Q: How did you hear about the mainframe specifically, and what inspired you to go into a career working on IBM Z?
TK: While everyone, including myself, has heard of mainframes, I didn’t really know what one was and what they did until my second week at IBM when they told me I would be working on mainframes. I learned firsthand from my teammates and sponsor users, who are real users, like Phil, who help co-create solutions with the IBM team. I went from planning to work at IBM for two or three years to falling in love with these cool pieces of hardware that run the world’s economy. Now, I’m working on planning my entire career path at IBM.
PA: When I got into the computer field, all of the heavy lifting was done on the mainframe, so my focus was to learn programming in COBOL and then later Assembler in order to flourish on the mainframe. Throughout my career, I’ve worked on both the application and system sides, but the mainframe has really been a never-ending avenue of opportunity for me. Beginning in 1989, I had to learn to support 3890 check sorters, IBM 3780 protocol and spent my days and nights with manuals in my lap, learning and growing. The mainframe has been a source of gratification ever since. It’s not just my job or a hobby, but an adventure.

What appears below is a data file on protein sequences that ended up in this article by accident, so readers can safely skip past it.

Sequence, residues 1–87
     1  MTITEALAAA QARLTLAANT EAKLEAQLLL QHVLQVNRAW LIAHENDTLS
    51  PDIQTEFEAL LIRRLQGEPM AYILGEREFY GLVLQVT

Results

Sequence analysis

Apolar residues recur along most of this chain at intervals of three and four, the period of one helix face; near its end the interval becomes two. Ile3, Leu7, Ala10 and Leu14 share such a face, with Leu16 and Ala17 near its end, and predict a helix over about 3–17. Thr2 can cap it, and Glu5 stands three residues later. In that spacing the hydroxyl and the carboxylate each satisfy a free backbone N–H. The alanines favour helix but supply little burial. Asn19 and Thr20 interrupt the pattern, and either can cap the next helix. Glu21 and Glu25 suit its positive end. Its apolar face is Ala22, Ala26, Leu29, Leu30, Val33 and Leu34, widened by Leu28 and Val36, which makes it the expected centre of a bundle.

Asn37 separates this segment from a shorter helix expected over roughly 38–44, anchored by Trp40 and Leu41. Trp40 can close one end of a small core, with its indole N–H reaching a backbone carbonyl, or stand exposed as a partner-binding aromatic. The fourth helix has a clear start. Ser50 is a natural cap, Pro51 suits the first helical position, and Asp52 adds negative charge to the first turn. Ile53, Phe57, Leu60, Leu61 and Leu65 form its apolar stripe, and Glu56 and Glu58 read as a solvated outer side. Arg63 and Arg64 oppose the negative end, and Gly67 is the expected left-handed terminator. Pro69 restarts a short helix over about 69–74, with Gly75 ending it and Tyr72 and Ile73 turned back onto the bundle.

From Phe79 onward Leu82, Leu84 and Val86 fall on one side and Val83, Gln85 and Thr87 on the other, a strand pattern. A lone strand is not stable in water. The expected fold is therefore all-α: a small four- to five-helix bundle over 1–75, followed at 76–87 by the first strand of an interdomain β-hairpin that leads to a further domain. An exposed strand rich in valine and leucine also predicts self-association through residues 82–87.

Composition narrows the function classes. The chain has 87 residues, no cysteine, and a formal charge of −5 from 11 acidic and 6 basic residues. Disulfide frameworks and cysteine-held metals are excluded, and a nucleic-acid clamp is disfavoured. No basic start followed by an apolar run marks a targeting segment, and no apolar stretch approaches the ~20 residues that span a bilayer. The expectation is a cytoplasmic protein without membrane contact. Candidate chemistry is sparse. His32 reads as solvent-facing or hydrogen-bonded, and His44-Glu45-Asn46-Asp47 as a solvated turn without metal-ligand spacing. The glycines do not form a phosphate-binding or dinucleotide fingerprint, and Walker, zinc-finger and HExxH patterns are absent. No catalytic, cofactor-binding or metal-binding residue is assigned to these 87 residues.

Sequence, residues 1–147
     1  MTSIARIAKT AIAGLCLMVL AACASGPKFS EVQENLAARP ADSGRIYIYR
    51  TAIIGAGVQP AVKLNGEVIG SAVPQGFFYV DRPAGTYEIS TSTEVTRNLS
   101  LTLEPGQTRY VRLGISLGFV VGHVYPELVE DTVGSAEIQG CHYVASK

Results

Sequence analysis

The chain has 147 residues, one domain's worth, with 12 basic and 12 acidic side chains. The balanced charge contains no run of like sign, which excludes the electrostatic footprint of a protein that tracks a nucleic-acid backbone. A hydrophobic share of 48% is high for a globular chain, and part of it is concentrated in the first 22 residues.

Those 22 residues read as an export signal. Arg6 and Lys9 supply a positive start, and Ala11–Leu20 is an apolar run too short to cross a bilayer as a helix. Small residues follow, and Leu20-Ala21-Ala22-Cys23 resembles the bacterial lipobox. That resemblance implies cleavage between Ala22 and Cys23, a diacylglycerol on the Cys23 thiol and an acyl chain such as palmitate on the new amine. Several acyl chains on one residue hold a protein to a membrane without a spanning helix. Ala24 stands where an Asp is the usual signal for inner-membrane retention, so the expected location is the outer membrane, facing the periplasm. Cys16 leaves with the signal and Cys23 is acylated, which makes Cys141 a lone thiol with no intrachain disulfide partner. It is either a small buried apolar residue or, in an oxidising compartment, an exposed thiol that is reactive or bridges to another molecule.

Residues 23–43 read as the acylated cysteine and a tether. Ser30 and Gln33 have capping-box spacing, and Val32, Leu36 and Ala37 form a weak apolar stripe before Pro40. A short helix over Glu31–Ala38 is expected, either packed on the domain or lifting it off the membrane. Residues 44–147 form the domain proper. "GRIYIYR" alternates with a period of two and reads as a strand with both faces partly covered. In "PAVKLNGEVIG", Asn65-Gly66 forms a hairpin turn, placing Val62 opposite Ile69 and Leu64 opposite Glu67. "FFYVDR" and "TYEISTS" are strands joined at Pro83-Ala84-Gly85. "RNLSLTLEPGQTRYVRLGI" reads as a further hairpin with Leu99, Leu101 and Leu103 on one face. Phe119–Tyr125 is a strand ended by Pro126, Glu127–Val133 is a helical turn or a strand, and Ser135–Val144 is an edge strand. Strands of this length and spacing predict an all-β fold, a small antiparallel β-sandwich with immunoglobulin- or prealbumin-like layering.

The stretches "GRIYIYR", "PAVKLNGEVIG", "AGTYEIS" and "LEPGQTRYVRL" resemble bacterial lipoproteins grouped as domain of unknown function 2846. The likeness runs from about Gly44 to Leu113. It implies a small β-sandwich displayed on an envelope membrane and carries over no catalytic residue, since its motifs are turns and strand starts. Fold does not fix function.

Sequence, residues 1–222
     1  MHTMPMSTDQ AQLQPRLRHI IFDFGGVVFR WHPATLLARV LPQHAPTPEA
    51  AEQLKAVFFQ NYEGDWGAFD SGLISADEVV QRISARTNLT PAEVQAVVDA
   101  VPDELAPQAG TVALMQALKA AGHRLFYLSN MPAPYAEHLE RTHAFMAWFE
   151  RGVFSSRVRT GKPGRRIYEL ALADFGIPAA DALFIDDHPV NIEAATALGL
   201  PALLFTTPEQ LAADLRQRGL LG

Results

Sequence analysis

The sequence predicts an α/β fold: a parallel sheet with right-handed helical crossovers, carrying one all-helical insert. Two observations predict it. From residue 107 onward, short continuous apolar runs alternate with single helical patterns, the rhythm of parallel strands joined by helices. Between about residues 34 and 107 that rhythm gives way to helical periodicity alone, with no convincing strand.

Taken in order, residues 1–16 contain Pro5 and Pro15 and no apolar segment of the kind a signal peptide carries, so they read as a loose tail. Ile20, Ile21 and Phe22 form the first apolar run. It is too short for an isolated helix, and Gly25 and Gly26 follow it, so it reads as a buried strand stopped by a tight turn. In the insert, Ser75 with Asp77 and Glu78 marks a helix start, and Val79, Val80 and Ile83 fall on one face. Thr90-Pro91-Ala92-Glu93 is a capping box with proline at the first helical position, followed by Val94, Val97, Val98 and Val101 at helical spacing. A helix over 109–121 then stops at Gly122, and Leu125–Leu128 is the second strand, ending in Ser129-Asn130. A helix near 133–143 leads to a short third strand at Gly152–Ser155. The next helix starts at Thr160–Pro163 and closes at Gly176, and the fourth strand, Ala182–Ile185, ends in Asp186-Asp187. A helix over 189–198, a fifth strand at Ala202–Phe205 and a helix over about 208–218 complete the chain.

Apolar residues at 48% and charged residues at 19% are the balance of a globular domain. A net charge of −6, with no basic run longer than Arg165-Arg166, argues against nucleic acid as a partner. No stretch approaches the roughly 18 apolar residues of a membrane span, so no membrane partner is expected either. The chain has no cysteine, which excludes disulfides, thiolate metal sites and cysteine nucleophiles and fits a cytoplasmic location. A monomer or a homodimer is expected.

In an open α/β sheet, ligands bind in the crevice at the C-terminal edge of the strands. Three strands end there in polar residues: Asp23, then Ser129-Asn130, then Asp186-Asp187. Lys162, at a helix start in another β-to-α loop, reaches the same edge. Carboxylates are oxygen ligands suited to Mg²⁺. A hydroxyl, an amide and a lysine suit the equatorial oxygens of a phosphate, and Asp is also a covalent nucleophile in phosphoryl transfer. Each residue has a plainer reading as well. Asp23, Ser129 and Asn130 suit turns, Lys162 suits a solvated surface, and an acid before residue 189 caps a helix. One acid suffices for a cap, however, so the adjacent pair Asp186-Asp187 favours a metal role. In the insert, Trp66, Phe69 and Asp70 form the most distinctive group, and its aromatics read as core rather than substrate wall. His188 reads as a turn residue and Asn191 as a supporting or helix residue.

Q: Phil, as an IBM Z Champion, you’re very involved in the mainframe community. Can you tell us about the virtual lunch-and-learns you hold at Black Knight?
PA: Because I’m not getting any younger, I want to make sure that I leave something behind for those just starting out. Also, because many of our employees are siloed, they don’t get to see what other people do to support the business, and they may not realize that although they are content in their current role, they might prefer another role. I created a monthly mainframe overview that lasts about 90 minutes, where anyone who wants to listen can come and learn about the different technologies we in mainframe support. We talk about the history of the mainframe, Black Knight’s technology investment, how new releases and capabilities apply to the business and more. The goal is to broaden the exposure so that people can really appreciate what their co-workers bring to the table and help grow people in the mainframe space.
“When you match a great organizational culture with a technology that helps to grow the business over the course of decades, good things are sure to happen.”
Q: Why are you proponents of the Z platform?